Brazil, Turkey Engineer Breakthrough on Iran

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The Nation

Brazil, Turkey Engineer Breakthrough on Iran

The best comment so far about the brilliant diplomatic coup engineered by Brazil, Turkey, and Iran yesterday comes from the Turkish ambassador to the United Nations, who said, in reacting to the smarmy, negative reaction from Washington:

"I would have expected a more encouraging statement. We don't believe in sanctions, and I don't believe anyone can challenge us, certainly not the United States. They don't work."

Despite the huffing and puffing from the Obama administration, there are other powers reaction positively to the dramatic development. President Sarkozy of France called it a "positive step," [1]adding:

"France will examine this with the Group of Six [international powers] and is ready to discuss without preconceptions all its implications for the whole of the Iran dossier."

China, too, which had reluctantly joined the idiotic U.S. sanctions bandwagon, now seems to be backing off, and China's foreign minister said [1]:

"China has noted the relevant reports and expresses its welcome and appreciation for the diplomatic efforts all parties have made to positively seek an appropriate solution to the Iranian nuclear issue."

Before traveling to Iran, Brazil's President Lula da Silva said that he believed that he had a 99 percent chance of a successful breakthrough in the talks with Iran, even as U.S. officials expressed extreme skepticism that anything could be accomplished. What Brazil and Turkey did is to get Iran to reaffirm the terms of the October, 2009, deal that was worked out in Geneva, by which Iran would have sent the bulk of its enriched uranium to Russia and France for reprocessing into fuel rods for a medical research reactor in Tehran. Under the new accord, worked out by Brazil and Turkey, Iran will send about half of its enriched uranium to Turkey, instead. True, Iran has more enriched uranium now than it had in October, but the very fact that Iran is still ready to ship some of its fuel abroad is a sign that diplomacy can still work. In the United States, however, reaction is sharply negative. It's almost as if the Obama administration is more concerned that it's hard-fought battle to get Russian and Chinese support for more (useless) sanctions on Iran is unraveling than it is about a real solution to the problem.

The Washington Post, petulant and petty in its editorial today [2], called "Bad Bargain," says that the Brazil-Turkey accord will "do nothing to restrain Tehran's nuclear program," that it might "derail" the Obama administration's sanctions push, and that it represents a "major diplomatic coup for the regime of Ayatollah Ali Khamenei." In fact, it might have been a diplomatic coup for the United States, if Washington hadn't foolishly insisted that the terms of the October deal were sacrosanct and couldn't be altered in order to get the deal back on track, after Iran first accepted it and then rejected it. It could have been a diplomatic coup for President Obama if he'd encouraged Brazil and Turkey to go ahead, rather than having his spokesmen pooh-pooh the effort and issue ugly warnings to Brazil. The New York Times reports that the Obama administration is angry [3]over the deal, in part because Obama met personally with the Brazilian and Turkish leaders in Washington earlier this month and then sent them letters urging them to reject a deal with Iran. The text of the 10-point plan [4], which you can read here [4], specifically says that Iran, as a signatory to the Nuclear Nonproliferation Treaty (NPT), has the right to enrich uranium:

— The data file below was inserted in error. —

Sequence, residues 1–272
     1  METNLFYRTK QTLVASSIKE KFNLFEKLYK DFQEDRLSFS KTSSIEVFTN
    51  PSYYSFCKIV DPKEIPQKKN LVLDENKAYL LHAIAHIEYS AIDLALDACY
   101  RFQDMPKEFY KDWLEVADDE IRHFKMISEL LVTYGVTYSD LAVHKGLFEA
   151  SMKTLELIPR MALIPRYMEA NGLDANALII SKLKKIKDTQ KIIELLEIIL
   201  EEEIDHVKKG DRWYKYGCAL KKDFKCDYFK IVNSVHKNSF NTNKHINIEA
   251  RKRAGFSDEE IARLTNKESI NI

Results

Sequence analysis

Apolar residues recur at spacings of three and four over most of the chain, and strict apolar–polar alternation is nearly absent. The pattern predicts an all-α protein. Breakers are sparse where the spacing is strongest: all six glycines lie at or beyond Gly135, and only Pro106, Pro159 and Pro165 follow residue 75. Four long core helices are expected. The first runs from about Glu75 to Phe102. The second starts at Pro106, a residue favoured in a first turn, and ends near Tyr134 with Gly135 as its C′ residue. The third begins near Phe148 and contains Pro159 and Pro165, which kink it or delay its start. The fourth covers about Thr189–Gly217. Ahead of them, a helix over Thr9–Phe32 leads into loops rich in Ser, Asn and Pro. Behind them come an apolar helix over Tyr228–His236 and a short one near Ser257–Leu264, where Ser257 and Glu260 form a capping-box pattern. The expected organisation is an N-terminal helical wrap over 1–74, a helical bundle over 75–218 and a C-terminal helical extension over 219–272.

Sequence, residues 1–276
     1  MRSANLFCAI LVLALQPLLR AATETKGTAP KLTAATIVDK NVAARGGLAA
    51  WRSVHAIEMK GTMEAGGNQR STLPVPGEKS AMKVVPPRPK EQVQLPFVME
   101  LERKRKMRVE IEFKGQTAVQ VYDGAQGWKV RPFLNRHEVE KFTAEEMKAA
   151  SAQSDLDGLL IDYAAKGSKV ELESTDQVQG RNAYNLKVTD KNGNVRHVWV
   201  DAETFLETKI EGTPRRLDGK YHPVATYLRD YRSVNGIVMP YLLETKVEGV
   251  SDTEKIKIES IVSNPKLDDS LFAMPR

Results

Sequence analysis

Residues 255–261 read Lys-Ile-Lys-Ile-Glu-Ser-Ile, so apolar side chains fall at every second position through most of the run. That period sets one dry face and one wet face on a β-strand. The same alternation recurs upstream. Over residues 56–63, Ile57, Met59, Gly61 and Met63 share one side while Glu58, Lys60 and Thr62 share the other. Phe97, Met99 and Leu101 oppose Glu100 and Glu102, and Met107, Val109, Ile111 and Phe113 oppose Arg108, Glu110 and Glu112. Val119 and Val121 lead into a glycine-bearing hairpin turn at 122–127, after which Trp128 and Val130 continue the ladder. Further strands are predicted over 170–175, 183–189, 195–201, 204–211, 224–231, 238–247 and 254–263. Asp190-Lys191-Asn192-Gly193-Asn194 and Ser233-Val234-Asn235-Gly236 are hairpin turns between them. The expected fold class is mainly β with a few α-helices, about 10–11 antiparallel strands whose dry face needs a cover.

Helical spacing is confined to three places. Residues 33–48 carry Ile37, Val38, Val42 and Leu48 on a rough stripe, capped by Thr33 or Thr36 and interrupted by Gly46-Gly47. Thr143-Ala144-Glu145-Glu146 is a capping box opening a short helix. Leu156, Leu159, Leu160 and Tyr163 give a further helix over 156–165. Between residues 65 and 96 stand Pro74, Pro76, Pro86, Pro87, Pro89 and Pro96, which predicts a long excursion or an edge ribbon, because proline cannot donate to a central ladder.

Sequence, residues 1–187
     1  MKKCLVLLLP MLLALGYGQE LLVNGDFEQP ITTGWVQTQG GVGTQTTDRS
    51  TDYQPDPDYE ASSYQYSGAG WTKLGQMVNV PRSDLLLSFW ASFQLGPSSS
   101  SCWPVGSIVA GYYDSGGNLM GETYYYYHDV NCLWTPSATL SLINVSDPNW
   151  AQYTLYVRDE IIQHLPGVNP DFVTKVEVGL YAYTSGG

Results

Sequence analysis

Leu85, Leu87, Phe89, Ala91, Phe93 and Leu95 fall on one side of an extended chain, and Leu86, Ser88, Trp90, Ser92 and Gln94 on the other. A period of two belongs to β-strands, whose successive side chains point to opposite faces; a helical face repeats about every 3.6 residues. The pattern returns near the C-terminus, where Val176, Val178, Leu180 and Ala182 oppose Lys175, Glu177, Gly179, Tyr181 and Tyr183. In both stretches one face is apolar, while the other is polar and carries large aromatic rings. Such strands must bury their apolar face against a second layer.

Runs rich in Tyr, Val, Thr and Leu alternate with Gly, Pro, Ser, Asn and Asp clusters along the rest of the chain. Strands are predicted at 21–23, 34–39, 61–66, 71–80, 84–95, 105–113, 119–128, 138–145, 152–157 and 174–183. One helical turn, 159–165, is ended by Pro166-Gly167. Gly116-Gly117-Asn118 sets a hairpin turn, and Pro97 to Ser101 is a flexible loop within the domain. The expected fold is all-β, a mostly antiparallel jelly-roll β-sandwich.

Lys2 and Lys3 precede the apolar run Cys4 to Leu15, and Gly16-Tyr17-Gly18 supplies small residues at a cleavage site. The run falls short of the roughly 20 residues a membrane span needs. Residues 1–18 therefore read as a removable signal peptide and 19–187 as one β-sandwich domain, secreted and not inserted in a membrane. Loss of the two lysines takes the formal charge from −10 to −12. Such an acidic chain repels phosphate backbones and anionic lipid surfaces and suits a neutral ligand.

"We reaffirm our commitment to the Treaty on the Non-Proliferation of Nuclear Weapons and in accordance with the related articles of the NPT, recall the right of all State Parties, including the Islamic Republic of Iran, to develop research, production and use of nuclear energy (as well as nuclear fuel cycle including enrichment activities) for peaceful purposes without discrimination."

That, more than anything else, is driving some at the Post and the Obama administration wild. In fact, despite the existence of UN resolutions calling on Iran to suspend its enrichment program, President Obama should have long ago declared that Iran has the right to enrich, under appropriate IAEA safeguards. He hasn't. The Post, in its account of the deal [5]today, calls the diplomacy by Brazil and Turkey a "revolt by smaller powers over the rights to nuclear power and prestige." How very imperial! Since sanctions won't work, and since military action would be a catastrophe, you'd think Obama would be thrilled to see diplomatic progress. You'd be wrong. The Post reports that, right on schedule, the United States has ready the text of a draft UN resolution calling for new sanctions on Iran [5].

Bob Dreyfuss

Robert Dreyfuss, a Nation contributing editor, is an investigative journalist in Alexandria, Virginia, specializing in politics and national security. He is the author of Devil's Game: How the United States Helped Unleash Fundamentalist Islam and is a frequent contributor to Rolling Stone, The American Prospect, and Mother Jones.

 

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